The Girl Scouts of USA, founded in 1912, has filed a suit for trademark infringement against the Boy Scouts of America. The suit was file dafter the latter decided to drop “Boy” from its namesake program and started welcoming older girls.
The Boy Scouts accepts children aged between 11 and 17. Earlier this year, it announced that it would change its name to Scouts BSA and make girls eligible to earn the rank of an Eagle Scout (the highest rank in the Boy Scouts). The suit is an attempt by the Girl Scouts to avert erosion of its brand.
In the suit, the Girl Scouts state that the Boy Scouts have no monopoly over terms such as “scouts” and “scouting” when it offers services to girls. It also submits that the change of name of the Boy Scouts threatens to marginalize the activities of the Girl Scouts. Families, communities and schools across the nation are being told the Girl Scouts no longer exist or have merged with the Boy Scouts.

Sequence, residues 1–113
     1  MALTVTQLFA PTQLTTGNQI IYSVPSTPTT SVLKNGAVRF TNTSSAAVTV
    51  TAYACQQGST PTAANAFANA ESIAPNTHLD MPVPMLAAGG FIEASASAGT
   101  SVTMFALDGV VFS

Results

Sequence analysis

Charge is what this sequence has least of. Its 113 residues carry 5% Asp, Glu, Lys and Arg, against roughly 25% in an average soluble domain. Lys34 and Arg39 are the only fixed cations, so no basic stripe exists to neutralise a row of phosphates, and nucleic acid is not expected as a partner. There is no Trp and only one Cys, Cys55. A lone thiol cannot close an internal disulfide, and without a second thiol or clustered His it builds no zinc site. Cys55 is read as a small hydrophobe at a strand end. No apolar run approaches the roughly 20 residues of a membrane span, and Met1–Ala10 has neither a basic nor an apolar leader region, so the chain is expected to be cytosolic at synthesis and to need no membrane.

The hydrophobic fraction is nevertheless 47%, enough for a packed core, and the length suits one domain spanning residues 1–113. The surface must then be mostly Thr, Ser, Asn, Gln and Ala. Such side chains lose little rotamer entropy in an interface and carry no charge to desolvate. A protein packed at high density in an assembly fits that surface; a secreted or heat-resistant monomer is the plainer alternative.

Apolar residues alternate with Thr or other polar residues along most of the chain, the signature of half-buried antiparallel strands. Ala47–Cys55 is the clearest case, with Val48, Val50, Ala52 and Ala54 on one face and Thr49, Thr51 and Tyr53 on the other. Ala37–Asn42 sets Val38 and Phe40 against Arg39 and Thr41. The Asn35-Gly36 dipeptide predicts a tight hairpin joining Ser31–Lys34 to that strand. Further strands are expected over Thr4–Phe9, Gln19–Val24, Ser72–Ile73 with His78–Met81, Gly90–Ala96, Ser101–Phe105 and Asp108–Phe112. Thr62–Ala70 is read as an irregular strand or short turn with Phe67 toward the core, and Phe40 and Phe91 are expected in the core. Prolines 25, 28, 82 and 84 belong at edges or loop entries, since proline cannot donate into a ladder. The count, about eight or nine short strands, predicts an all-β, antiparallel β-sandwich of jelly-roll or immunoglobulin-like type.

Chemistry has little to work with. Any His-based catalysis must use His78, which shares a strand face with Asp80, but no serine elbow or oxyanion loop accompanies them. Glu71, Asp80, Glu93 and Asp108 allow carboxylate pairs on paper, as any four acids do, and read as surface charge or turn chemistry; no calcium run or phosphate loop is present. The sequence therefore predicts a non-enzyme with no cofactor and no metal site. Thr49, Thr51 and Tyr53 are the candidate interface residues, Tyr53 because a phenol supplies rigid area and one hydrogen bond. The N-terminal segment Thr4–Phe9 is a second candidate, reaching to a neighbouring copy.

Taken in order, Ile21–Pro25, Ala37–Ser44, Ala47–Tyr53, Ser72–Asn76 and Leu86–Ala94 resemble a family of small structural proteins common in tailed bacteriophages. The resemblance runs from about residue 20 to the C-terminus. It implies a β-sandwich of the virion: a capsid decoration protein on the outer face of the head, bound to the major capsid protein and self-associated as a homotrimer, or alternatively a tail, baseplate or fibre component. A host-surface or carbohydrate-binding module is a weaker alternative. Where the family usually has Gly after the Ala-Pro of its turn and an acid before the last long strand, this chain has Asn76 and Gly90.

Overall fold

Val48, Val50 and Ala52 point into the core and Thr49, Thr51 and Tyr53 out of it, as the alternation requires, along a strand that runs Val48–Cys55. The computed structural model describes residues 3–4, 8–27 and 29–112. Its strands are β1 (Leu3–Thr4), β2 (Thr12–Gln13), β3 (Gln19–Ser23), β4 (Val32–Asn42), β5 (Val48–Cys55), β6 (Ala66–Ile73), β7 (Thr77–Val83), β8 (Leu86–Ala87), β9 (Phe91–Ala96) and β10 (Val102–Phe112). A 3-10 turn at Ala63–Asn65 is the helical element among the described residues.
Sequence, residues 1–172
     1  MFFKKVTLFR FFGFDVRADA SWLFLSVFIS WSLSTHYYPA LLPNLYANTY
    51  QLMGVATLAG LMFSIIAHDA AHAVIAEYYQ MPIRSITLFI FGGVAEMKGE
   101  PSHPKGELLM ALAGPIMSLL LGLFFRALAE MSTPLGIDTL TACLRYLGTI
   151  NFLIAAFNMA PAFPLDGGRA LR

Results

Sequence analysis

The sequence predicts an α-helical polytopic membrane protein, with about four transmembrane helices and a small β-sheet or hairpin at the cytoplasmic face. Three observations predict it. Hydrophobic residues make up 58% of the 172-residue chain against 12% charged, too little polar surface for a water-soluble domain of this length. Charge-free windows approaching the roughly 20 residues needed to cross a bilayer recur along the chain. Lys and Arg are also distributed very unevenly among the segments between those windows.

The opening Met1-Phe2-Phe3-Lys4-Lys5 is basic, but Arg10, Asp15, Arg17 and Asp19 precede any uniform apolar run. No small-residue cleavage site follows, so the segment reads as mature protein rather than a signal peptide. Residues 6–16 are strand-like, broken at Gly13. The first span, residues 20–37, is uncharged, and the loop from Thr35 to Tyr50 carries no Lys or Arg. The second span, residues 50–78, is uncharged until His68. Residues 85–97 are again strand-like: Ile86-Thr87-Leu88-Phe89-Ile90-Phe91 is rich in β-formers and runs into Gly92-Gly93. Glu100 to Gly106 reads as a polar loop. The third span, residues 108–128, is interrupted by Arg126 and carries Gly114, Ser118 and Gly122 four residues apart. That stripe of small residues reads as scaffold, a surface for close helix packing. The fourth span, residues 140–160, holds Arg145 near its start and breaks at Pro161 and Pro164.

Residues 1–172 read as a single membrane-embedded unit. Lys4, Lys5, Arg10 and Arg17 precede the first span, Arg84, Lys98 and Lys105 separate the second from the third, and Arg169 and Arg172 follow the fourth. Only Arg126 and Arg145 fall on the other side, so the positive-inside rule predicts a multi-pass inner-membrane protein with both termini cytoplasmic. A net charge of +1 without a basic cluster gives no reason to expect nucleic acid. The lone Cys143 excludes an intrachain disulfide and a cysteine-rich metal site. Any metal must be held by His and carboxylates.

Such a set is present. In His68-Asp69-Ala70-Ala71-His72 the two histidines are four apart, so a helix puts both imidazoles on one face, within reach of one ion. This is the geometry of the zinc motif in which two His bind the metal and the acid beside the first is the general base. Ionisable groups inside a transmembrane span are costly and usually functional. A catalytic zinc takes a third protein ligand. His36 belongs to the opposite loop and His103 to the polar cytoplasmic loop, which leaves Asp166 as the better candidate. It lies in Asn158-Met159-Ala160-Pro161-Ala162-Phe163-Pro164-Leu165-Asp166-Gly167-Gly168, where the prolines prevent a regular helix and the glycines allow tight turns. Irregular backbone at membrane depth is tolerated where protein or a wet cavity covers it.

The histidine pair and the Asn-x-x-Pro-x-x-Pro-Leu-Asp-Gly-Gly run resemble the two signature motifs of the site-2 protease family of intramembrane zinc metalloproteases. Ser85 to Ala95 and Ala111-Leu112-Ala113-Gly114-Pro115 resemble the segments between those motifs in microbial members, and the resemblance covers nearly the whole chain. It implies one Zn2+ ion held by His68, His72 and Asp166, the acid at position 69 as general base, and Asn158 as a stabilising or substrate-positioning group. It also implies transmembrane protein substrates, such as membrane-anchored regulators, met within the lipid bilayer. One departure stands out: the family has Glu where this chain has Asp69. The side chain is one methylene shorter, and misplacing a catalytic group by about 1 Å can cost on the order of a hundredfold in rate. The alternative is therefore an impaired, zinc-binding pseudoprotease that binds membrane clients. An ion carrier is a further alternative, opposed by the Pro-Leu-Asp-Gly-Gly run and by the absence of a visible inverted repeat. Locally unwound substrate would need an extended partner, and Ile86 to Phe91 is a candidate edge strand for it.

“We did what any brand, company, corporation, or organization would do to protect its intellectual property, the value of its brand in the marketplace, and to defend its good name,” the Girl Scouts said in a statement.
The Boy Scouts has said that the re-branding was part of a single-name approach adopted by it in 2017 when it decided to let girls enroll in the Cub Scouts. It has also launched a “Scout Me In” campaign featuring boys and girls.
“We applaud every organization that builds character and leadership in children, including the Girl Scouts of the USA, and believe that there is an opportunity for both organizations to serve girls and boys in our communities,” it added.